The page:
DRC_Ramiro Valdez

Ramiro Valdez

Our public library is a happening place. Just think of it: You can borrow one of thousands of books, take it home and read it, return it in a timely manner, and they will lend you another one. What a wonderful place! And it does not cost a penny. Making information available to everyone, the public library has helped bring about the accumulation of knowledge and made all of our advances in science and the arts possible. And it has also been a great source of fun and entertainment.

Because it’s not just books you can borrow; they will lend you music, movies and paintings as well. And you can sit in a comfy chair and read the Denton Record-Chronicle, or any of several newspapers, countless journals and popular magazines. Plus you can use the internet for free. They also feature lectures in philosophy, mathematics, the arts and gardening for adults. Then they have reading time for preschoolers and toddlers, plus they feature holiday activities for older kids. They even have a reading time for your friendly, well-behaved pets such as doggies and kitties. Now, if your favorite pet is a tarantula, it’s best to check with the librarian before you bring her to the readings!

The notion of putting books well within everyone’s reach is fairly recent in world history; just a little over 200 years old. Like most great ideas, the concept of a library funded by taxes and open at no charge to anyone, took many years and various people to develop. For thousands of years, books were only available to the wealthy. Thus, most of the people in the pioneer days in Texas could not read. How could they? There was nothing for them to read if they learned.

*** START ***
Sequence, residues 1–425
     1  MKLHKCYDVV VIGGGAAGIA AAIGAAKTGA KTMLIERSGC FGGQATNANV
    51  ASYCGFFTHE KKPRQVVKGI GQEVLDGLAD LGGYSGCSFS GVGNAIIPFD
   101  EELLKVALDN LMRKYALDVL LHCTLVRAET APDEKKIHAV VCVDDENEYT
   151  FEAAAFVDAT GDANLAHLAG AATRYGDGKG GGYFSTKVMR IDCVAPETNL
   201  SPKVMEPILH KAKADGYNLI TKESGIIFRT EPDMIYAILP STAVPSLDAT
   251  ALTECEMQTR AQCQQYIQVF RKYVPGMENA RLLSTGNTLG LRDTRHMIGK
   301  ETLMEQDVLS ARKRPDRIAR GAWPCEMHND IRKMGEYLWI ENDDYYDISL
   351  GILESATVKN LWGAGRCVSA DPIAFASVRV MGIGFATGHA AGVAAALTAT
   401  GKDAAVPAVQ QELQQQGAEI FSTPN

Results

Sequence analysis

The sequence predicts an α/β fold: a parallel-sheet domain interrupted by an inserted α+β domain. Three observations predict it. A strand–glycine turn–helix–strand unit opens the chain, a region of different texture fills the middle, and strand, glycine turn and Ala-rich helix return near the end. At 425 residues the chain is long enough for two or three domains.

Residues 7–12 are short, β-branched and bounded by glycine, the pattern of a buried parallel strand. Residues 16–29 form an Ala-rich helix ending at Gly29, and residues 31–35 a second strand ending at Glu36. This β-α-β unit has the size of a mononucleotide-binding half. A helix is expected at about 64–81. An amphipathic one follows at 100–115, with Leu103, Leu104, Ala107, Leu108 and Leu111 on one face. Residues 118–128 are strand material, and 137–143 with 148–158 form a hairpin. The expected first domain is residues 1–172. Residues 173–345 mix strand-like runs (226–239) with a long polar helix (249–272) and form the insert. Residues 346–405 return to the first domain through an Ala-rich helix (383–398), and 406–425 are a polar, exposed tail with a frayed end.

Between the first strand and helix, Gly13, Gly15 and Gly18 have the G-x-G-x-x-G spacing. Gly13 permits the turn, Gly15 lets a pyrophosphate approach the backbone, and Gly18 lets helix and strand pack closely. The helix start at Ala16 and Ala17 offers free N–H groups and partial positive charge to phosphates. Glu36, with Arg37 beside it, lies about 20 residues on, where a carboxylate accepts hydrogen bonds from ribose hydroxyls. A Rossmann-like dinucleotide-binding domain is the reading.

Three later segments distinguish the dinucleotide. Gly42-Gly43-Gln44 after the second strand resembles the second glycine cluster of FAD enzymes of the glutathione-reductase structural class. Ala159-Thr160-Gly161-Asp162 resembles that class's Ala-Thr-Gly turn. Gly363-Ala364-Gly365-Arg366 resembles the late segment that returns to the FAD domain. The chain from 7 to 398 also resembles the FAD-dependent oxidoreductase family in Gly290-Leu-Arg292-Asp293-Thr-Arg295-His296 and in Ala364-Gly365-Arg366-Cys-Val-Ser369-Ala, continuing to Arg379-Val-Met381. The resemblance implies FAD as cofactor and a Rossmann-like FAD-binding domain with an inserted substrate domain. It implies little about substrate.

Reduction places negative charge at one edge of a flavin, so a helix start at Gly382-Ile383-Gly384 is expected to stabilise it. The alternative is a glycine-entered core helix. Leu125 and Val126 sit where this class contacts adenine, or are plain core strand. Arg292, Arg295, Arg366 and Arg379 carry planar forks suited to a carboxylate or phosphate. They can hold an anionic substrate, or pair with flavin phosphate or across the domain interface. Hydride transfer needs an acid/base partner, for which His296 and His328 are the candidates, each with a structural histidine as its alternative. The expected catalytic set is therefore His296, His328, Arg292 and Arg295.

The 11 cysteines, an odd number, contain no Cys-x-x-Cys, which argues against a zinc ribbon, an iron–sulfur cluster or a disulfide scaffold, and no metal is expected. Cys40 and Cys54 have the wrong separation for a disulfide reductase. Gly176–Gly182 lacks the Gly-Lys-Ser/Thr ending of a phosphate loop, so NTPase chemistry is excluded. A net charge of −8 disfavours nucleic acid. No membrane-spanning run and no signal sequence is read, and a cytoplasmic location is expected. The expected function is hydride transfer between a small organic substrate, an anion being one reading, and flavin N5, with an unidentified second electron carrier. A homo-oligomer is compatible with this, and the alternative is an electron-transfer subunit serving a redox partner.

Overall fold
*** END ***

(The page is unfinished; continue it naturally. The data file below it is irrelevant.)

However, the public library changed all that. Today, the library has become a center for all sorts of activities. Kids go there after school. It’s a nice place for the homeless to sit out a thunderstorm. Lonely old men go there to catch up on their few emails. And if that is not enough, the librarians are cute and friendly.

Speaking of that, one example of library dignity is Carmen Grant, a Hispanic woman born into a home of uneducated parents who spoke Spanish and could neither read nor write when she was a child. Overcoming many obstacles, she managed to go to high school and college and become a librarian of all things: a person who helps others with their reading and research. Carmen can help people find material in English or in Spanish, as she is fluent in both, and all our libraries feature material in Spanish as well as several other languages.

Inspiring stories like the life of Carmen Grant are found every day in your friendly neighborhood public library: a place where anyone can read a book, a newspaper or magazine, check out some music or a movie, and do a little research and learn something new if they are interested. Even old codgers like me!

RAMIRO VALDEZ has been a frequent guest columnist in the Denton Record-Chronicle and is a retired area counselor. He welcomes feedback and suggestions via letters to the editor or emailed to rambam.valdez@gmail.com.

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